Whisky Is for Drinking, Water Is for Fighting

Poojan Thakrar, MJLST Staffer

The American Southwest often lives in our imagination as an arid environment with tumbleweeds strewn about. This hasn’t been truer in centuries, as the Colorado River is facing its worst drought in 1200 years, in large part because of climate change.[1] The Colorado River is the region’s most important river, providing drinking water to about 40 million people.[2] In June, the federal government gave the seven states[3] that rely on the water two months to draft a water conservation agreement or risk federal intervention. The states blew past that deadline and the DOI’s Bureau of Reclamation imposed cuts to water usage as high as 21%.[4]

The History of the Modern Colorado River Allocation System

In 1922, the Colorado River Compact allocated an annual amount of 15 million acre-feet (maf) evenly between the Upper and Lower Basin states.[5] One acre-foot represents the volume of water that covers one acre in one foot of water and is about the amount of water that a family of four uses annually.[6] However, relying on 15 maf was already problematic; data from the past three centuries showed that the Colorado River has average flows of 13.5 maf, with some years as low as 4.4 maf.[7]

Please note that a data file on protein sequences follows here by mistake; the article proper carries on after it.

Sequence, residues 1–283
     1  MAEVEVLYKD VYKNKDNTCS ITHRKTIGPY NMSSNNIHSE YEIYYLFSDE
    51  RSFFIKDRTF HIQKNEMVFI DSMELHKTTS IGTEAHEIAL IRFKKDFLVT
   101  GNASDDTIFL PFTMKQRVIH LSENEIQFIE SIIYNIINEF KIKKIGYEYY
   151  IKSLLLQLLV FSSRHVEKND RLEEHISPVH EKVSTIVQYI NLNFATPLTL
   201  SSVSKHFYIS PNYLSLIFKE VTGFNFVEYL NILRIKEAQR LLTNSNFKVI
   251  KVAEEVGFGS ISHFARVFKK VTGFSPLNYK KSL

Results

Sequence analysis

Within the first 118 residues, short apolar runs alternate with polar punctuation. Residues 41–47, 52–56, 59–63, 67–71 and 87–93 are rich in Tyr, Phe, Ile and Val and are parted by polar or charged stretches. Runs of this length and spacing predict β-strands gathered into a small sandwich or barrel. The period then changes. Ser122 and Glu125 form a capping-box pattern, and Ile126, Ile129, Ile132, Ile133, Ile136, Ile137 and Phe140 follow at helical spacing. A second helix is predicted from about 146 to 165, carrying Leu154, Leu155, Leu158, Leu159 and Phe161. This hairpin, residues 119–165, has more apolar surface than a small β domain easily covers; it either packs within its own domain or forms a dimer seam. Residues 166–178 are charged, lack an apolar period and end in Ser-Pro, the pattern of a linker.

Moreover, Arizona refused to sign this compact, arguing that water should be allocated amongst individual states instead of between river basins.[8] Tensions flared in 1935 as Arizona moved National Guard troops to the California border in protest of a new dam.[9] Arizona finally ratified the compact in 1944, but the disagreements were far from over.[10] 

Arizona also brought a case to the Supreme Court for a related dispute, asking the Supreme Court to allocate how each basin splits water according to the Boulder Canyon Project Act of 1928.[11] Originally filed in 1952, Arizona v. California was not resolved until a Supreme Court opinion in 1963.[12] In the end, the Supreme Court accepted the recommendations of a court-appointed Special Master, whose findings California disagreed with. Of the 7.5 maf allocated to the Lower River Basin, 4.4 maf was allocated to California, 2.8 maf to Arizona and 0.3 to Nevada.[13] The court affirmed each state’s use of their own tributary waters, which Arizona argued for.[14] The case also affirmed the Secretary of the Interior’s authority under the Boulder Canyon Project Act to allocate water amongst the states irrespective of their agreement to a compact.[15] Ultimately, this was a victory for Arizona.